Tel Aviv District Court Judge Gilad Neutal on Monday remanded former Israeli judge Dan Cohen to custody until the end of his trial on charges of bribery.
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In his ruling, Neutal mentioned Cohen’s audacity, sophistication and disregard for the law and said that if Cohen were released, there was a real risk he would influence witnesses and flee custody using hidden funds.
Cohen – who allegedly accepted bribes to promote the interests of the German multinational company Siemens with the Israel Electric Corporation, which he served as a board member – remained silent and looked away from the bench as Neutal read the ruling. His family and media advisors were in the courtroom. Eitan Maoz, Cohen’s attorney, refused to comment or say whether he planned to appeal.
Neutal noted that for seven years between August 2005 and this month, Cohen lived in Peru, a country that does not have an extradition treaty with Israel, and avoided returning home despite knowing he was vital to an investigation. He rejected Cohen’s claim in the previous court hearing that during the seven years he spent in Peru “he always intended to return to Israel.”
“The very existence of such a situation, in which the defendant lived for seven years in a country with which, as is claimed, Israel has no extradition treaty and knew he was vital to an investigation, yet did not return to Israel and came back only when his extradition was imminent, is sufficient grounds for the above-mentioned remand,” Neutal said.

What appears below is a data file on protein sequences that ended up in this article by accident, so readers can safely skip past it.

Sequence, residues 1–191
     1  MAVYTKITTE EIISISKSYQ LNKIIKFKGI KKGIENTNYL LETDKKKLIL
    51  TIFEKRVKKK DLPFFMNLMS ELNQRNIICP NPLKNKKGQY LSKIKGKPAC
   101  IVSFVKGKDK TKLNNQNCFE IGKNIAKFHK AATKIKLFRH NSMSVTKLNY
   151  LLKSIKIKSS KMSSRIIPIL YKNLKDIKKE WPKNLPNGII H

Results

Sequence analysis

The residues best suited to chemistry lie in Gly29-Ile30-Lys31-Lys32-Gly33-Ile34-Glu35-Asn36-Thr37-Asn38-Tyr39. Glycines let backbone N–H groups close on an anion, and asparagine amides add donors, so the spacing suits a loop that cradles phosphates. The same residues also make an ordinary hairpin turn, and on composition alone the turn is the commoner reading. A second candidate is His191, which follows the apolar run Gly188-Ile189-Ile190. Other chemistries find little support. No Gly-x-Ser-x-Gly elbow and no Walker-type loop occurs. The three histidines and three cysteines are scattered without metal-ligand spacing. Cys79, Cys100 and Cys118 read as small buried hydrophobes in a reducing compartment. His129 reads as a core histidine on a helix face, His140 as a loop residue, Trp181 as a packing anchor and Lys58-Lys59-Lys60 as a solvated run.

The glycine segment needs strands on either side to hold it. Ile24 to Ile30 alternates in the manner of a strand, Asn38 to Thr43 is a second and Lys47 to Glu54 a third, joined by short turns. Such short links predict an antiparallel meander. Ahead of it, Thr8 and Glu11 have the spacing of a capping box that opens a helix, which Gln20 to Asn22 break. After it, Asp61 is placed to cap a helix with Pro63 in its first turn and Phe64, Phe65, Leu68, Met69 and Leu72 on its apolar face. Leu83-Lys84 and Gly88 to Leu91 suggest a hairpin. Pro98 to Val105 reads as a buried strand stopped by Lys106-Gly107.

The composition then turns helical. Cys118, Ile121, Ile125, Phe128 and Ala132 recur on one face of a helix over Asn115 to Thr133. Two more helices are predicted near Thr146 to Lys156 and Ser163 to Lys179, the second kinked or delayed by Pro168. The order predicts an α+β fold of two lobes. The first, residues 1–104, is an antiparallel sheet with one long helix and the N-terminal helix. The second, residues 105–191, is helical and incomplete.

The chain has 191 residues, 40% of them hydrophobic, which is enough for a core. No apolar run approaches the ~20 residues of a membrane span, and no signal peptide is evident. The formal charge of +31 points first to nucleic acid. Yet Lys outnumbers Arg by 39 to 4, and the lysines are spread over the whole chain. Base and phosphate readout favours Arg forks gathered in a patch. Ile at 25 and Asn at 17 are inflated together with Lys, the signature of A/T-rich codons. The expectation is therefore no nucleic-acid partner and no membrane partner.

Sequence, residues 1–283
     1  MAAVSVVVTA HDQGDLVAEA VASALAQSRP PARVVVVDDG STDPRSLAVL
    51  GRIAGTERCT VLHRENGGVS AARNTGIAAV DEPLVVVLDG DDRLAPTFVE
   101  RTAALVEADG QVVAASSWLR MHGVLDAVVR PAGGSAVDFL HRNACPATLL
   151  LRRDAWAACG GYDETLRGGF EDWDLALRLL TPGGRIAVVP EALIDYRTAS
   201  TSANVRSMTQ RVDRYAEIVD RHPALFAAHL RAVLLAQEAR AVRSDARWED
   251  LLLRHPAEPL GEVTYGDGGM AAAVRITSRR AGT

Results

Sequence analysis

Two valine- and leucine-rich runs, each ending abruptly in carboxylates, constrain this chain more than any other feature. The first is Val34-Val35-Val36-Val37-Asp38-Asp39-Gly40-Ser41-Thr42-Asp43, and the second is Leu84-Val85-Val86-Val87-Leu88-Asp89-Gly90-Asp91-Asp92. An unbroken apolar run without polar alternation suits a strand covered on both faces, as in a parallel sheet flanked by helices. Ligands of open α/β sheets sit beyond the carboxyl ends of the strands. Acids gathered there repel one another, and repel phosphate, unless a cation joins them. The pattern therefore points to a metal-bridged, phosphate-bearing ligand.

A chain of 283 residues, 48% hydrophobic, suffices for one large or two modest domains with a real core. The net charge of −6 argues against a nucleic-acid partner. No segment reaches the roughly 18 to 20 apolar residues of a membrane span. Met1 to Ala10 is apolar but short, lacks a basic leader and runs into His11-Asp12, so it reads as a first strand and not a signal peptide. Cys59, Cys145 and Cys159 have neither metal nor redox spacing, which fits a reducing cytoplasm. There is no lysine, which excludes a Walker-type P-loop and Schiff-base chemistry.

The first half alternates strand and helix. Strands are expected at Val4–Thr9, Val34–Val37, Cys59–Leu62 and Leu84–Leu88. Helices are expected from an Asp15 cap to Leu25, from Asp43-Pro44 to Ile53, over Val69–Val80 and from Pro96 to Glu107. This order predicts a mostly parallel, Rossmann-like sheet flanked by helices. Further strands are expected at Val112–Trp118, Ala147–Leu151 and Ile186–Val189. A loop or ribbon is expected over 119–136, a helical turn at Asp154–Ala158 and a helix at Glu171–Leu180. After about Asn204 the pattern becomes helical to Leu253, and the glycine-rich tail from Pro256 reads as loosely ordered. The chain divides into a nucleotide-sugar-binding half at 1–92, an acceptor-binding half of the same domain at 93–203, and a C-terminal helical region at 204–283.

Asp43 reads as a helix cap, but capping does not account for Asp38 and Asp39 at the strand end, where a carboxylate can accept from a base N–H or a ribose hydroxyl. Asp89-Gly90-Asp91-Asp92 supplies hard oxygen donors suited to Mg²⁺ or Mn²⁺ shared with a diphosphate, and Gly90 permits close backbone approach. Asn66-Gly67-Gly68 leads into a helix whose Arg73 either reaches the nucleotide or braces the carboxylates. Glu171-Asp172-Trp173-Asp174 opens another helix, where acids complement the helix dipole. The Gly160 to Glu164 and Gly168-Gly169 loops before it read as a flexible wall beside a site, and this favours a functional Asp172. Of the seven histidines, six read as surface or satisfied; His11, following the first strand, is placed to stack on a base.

Neutal also said Cohen, who owned of several foreign companies with bank accounts abroad, likely has hidden wealth that might enable and encourage him to flee justice.
“In light of the sophistication and audacity with which the defendant committed the crimes alleged in the indictment, there is reasonable likelihood that the defendant has additional hidden funds available to him,” he said. “These funds could constitute an incentive for the defendant to evade his trial, as he avoided coming to Israel in the past. They could also help him flee the country any way he chooses for an extended stay abroad and be able to support himself anywhere he might choose.”
It did not help Cohen’s case, Neutal said, that he had been guilty of breach of trust in the past, including when he violated an explicit prohibition against providing information about the ongoing investigation to his friend Israel Fogiel.
The defense attorney Maoz had noted that defendants in some of the most serious bribery cases in Israeli history – including the Holyland, Tax Authority, Avraham Hirschson, Aryeh Deri, Shlomo Benizri and Zvi Bar trials – had not been remanded throughout the proceedings. But Neutal dismissed this argument, saying that none of the defendants in these cases had fled the country until their extraditions were imminent.